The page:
Due to a mistake in the way the University reported its employees’ taxable income, approximately 11,000 Harvard employees paid excess income taxes between 2009 and 2013, with the hardest hit contributing several thousands dollars more than they should have.
The misclassification of earnings occurred after Harvard changed the structure of its supplemental life insurance plan, such that the benefit should no longer have been taxable, according to a letter the Vice President for Human Resources Marilyn Hausammann sent to all affected employees on Feb. 7. Despite the change, the University did not alter the way it reported taxable income, which resulted in employees paying taxes on income that they did not receive.
Hausammann’s letter stated that the total excess reported income exceeded $20 million, although individual employees were affected to different extents. In 2013, 13 percent of the 11,000 affected employees paid taxes on more than $1000 of excess income, with a “small number” paying taxes on more than $10,000 of excess income. Sixty percent of the 11,000 affected employees were taxed on $200 or less of excess income.
In the Feb. 7 letter, Hausammann said that the University will help affected employees file amended returns for 2011 and 2012 and fully compensate all employees who paid too much in taxes in 2009 and 2010, which are outside the statute of limitation for appeals.
“Harvard will take a series of steps to ensure that those affected do not incur any financial losses related to this situation, including payments for excess taxes paid in years where individuals can no longer file corrected returns, reimbursement for out-of-pocket tax preparation costs, and educational programming on filing an amended return,” University spokesperson Kevin Galvin wrote in an email.
The affected employees were first informed of the mistake by a letter from the Harvard Benefits Office on Jan. 21. According to Alvin C. Warren and Daniel I. Halperin, two Harvard Law School professors who specialize in tax law and policy, the letter did not accurately convey the situation. The pair responded with their own letter to Law School faculty and staff, as well as Hausammann and Executive Vice President Katherine N. Lapp, pointing out the mistakes.
“Nowhere is the total scope of the problem frankly presented,” Warren and Halperin’s letter read. They noted that the University’s letter only discussed 2011-2013, even though the same tax mistake occurred in 2009 and 2010, as well.
The letter also expressed concern that the initial Benefits Office announcement reported that "IRS regulations do not allow the University to assist you in filing for a state or federal income tax refund,” which Warren and Halperin said do not exist. They called for the University to take more steps to ensure that all affected employees were compensated appropriately.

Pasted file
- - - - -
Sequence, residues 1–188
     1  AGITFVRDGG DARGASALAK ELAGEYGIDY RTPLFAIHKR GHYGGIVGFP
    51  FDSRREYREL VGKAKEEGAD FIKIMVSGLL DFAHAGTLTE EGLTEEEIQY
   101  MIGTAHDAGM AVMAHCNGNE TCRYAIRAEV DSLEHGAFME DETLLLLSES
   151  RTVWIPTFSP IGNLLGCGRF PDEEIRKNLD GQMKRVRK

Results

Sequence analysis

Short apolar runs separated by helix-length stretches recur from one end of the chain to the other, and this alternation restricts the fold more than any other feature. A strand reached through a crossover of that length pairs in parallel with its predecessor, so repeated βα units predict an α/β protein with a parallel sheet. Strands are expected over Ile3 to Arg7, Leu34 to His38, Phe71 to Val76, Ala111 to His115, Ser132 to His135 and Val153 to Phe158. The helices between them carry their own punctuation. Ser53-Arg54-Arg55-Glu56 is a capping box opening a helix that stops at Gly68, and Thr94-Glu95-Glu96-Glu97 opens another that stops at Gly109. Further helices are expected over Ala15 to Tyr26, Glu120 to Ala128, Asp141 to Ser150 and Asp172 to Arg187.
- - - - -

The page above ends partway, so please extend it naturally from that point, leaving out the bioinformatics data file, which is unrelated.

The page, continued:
Three days later, on Feb. 7, Hausammann wrote a letter to all affected employees that began with an apology and responded to many of Warren and Halperin’s concerns.
“I offer my sincere apologies for the error itself and for the failure of the initial letter to communicate effectively, including about the nature and scope of the problem, and Harvard’s proposed response,” Hausammann wrote. The letter went on to clarify the details of the situation and what the University would do to assist those who were affected.
While Halperin said in an interview with The Crimson on Sunday that the steps Harvard aims to take to compensate employees are “reasonable,” he raised concerns about the four-year time span in which no official caught the mistake after the life insurance policy was changed.
“I don’t know what happened,” Halperin said. “Somebody in both Human Resources and in payroll should have been aware about what was going on, but apparently they didn’t connect.”
According to the Harvard University Fact Book, the University employed more than 16,000 people in the 2011-2012 academic year, the last for which there are publicly available records. During the 2013 fiscal year, the University paid more than $1.5 billion in compensation.
Director of the Harvard Union of Clerical and Technical Workers Bill Jaeger said that, as a Harvard employee who was directly affected by the mistake and as the leader of the University’s largest union, the mistake is a troubling oversight.
“Our union doesn’t spend a lot of time or resources double checking because we want to be able to assume that, in terms of tax reporting and compliance in general with the federal legal framework, the benefits programs are being competently managed,” Jaeger said. “So it’s a little unsettling to have this big question just pop up and cast doubt on the quality of the management of our programs.
—Staff writer Christine Y. Cahill can be reached at email@example.com. Follow her on Twitter @cycahill16.
—Staff writer Amna H. Hashmi can be reached at firstname.lastname@example.org. Follow her on Twitter @amna_hashmi.